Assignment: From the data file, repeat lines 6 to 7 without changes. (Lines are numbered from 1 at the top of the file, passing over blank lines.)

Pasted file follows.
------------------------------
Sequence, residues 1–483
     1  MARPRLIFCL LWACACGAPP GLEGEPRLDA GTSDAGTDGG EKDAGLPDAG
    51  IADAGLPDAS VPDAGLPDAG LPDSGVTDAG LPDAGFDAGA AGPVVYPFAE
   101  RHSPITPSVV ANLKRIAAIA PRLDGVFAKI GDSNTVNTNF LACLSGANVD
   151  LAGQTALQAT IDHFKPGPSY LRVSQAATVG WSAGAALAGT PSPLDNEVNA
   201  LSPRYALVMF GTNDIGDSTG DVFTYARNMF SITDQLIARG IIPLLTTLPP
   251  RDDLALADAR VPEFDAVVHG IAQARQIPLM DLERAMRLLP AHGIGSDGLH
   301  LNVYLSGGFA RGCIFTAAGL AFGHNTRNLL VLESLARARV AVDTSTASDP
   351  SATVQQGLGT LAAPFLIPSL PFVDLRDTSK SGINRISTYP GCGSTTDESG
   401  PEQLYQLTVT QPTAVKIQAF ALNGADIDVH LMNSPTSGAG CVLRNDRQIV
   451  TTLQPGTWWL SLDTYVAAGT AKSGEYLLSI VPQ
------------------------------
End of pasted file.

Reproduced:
   201  LSPRYALVMF GTNDIGDSTG DVFTYARNMF SITDQLIARG IIPLLTTLPP
   251  RDDLALADAR VPEFDAVVHG IAQARQIPLM DLERAMRLLP AHGIGSDGLH